Another fight that is very close due to similar ages is Jon Jones vs. Cain Velasquez.
This is a fight that many Jones haters want to see, although I cannot imagine why. Well, yes I can—it’s because they think Velasquez would run all over Jones, especially since he tooled a larger foe in Bigfoot Silva at UFC 146.
Ladies and gentlemen, Bigfoot is no Jon Jones.
In a fight against Velasquez, Jones would enjoy an 11.5-inch reach advantage, in addition to having a sizable target in Velasquez’s overly large head. This does not bode well for Velasquez, but we’ll get back to those points in a moment.
Velasquez does have some advantages, to be sure. He’s probably the stronger of the two (although not by much) and, well…that’s about it. His wrestling is great, but the grappling of Jones—while different—is equal to the task, thanks to his reach advantage and the leverage he expertly employs.
Striking? Well, Cain has speed and power in his strikes, but his game is limited to punches and some low leg kicks. Once again, Jones uses all eight points, and he uses them damn well. If Cain had more experience in using his limited (or specified, if you like) striking game, this would be a much closer contest as he would have a much greater chance of delivering the goods to the chin of Jones. But he’s still young in the game and getting inside the reach of Jones is damn hard, and staying inside of it is even harder.
Yes, once again, a great deal boils down to reach, even among the ranks of the heavyweights, and I think fans of Velasquez would probably gather after this fight, pile into a bus and drive off a cliff, because after all the pondering is done, and all the talk, Jones still has a reach advantage of damn near a full foot, and no one in the sport of MMA is better at using such advantages as Jones.
Winner: Jones via UD
Now this is a very close match in the areas of age and style, and to be honest, Junior dos Santos looks to be one of the few fighters out there that could give Jon Jones problems and quite possibly knock him out.
Why? The answer is pressure—total and unrelenting pressure.
Dos Santos is about one thing: the knock out. His entire career is based upon this, and in many ways it is his religion, because he has faith that he can deliver the goods. He delivers them best at high speed, going for broke, and that equals pressure.
And that is one thing we’ve never seen Jones have to deal with.
Thus far, it seems that every one of Jones opponents has tried to out-think and out-maneuver Jones instead of out-fighting him. They all come out, trying to find the right angle or the feint, and all the time they spend looking for that perfect angle or feint, Jones is racking up points and doing some fight math of his own.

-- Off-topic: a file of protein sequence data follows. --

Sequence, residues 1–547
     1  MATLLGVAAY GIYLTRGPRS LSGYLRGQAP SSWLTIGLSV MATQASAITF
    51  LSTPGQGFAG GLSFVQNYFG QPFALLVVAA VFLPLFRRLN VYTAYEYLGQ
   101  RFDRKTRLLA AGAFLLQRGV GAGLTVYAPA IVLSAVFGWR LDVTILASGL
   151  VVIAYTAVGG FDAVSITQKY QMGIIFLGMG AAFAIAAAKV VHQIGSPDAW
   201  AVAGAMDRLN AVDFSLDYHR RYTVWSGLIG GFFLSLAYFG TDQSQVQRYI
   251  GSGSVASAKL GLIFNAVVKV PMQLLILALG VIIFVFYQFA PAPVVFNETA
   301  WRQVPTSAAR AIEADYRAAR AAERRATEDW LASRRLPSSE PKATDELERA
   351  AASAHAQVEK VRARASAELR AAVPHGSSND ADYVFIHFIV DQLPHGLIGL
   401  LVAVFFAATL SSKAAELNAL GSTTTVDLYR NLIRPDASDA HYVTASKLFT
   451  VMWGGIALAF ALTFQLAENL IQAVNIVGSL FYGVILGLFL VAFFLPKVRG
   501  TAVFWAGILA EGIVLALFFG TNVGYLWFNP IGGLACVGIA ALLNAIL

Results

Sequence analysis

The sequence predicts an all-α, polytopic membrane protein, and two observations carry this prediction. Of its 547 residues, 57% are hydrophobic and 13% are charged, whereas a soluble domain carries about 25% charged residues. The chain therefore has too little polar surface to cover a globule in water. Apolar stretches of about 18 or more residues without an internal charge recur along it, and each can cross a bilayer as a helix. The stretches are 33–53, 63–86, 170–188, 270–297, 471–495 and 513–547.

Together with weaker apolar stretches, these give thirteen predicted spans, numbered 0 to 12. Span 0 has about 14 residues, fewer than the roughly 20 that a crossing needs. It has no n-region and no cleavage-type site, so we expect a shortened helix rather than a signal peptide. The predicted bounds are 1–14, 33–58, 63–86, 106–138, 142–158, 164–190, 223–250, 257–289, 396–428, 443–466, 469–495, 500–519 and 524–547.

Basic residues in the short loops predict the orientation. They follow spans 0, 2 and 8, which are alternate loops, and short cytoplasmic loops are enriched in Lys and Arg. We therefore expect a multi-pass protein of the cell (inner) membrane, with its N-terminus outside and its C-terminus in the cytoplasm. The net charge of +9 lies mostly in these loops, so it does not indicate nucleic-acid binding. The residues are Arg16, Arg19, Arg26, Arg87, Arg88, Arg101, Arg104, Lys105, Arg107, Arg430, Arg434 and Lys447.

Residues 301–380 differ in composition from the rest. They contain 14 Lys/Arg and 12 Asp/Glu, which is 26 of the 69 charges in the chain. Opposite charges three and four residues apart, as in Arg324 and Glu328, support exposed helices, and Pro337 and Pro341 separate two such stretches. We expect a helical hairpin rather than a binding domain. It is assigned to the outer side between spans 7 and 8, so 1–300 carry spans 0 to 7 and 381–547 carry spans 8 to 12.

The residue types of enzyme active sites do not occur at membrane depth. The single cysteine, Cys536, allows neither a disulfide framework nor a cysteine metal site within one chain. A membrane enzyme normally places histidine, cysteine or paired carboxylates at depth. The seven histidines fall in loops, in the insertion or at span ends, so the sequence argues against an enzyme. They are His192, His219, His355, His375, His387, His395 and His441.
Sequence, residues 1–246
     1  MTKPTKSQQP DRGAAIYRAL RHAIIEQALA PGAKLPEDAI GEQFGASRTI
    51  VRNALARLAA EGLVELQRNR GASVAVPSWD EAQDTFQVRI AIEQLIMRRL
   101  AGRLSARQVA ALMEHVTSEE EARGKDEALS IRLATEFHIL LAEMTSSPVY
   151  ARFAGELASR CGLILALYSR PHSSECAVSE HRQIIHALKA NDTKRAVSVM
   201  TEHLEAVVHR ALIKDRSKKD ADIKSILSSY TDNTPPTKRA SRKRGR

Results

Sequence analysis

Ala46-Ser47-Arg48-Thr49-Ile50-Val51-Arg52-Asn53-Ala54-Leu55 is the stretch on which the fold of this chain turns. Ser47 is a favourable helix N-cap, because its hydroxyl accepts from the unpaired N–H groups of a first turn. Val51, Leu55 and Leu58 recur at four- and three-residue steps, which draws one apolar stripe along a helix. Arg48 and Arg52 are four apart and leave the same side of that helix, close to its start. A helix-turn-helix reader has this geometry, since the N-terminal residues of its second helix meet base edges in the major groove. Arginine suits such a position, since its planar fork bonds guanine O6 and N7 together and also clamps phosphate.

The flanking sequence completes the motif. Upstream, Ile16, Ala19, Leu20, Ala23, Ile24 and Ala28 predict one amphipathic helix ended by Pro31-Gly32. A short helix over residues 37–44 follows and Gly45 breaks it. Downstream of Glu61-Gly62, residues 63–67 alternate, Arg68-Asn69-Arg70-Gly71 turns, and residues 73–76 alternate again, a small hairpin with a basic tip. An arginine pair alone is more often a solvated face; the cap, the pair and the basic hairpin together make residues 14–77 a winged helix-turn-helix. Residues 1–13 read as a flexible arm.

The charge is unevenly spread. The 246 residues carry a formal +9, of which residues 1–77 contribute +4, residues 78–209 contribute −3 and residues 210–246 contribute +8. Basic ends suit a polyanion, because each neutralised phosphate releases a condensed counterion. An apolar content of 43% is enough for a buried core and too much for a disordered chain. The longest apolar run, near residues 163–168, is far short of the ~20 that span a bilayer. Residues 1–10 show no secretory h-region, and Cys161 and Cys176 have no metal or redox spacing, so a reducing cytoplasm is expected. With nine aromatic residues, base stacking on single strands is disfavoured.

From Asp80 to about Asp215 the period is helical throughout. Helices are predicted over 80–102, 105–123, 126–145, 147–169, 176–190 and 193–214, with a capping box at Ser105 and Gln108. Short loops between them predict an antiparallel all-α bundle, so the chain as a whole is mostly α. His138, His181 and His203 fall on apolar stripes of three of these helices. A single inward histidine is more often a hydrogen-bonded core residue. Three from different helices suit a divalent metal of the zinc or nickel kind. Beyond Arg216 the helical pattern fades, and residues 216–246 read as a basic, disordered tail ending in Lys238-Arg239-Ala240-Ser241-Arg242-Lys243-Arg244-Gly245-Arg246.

Dos Santos wouldn’t suffer from that kind of poor game plan, and that would make this a fight for the ages.
I actually see this as two fights. In the first fight, dos Santos is scoring on the feet and winning the fight there, while Jones wins a few rounds with long range attacks and some takedowns that score points but don’t really place him in a dominant position to finish. Dos Santos is the aggressor, and Jones is the counter fighter, and in the first fight, the aggressor wins because he’s imposing on Jones something he’s never had to deal with before. If dos Santos had more experience in striking against someone as elusive as Jones in the world of MMA, I’d say he wins this by KO for sure. But in this case…
Winner: dos Santos via KO in Round 4 or UD (48-47 on all three cards).
In the second fight, the game plan of dos Santos remains the same: attack, attack, attack.
But this time, Jones isn’t unprepared and puts his reach to good use by being equally aggressive with long range striking attacks such as hard front kicks to the chest and head of dos Santos, a steady, stiff jab and a strong right hand behind it.
After being hurt by the hands of dos Santos in their first fight, Jones shows he’s incredibly motivated to give rather than receive the second time around.
Does any of that hurt dos Santos? Not really, but it does slow his attacks and makes him cover up enough to allow Jones to grab him and toss him to the mat, get top position and go to work ripping into dos Santos face with brutal elbows while maintaining top control through out.
Once again, the reach and leverage of Jones come into play, heavily, and see him secure the day and the victory in the rematch.
Winner of rematch: Jones via UD (49-46 on all three cards)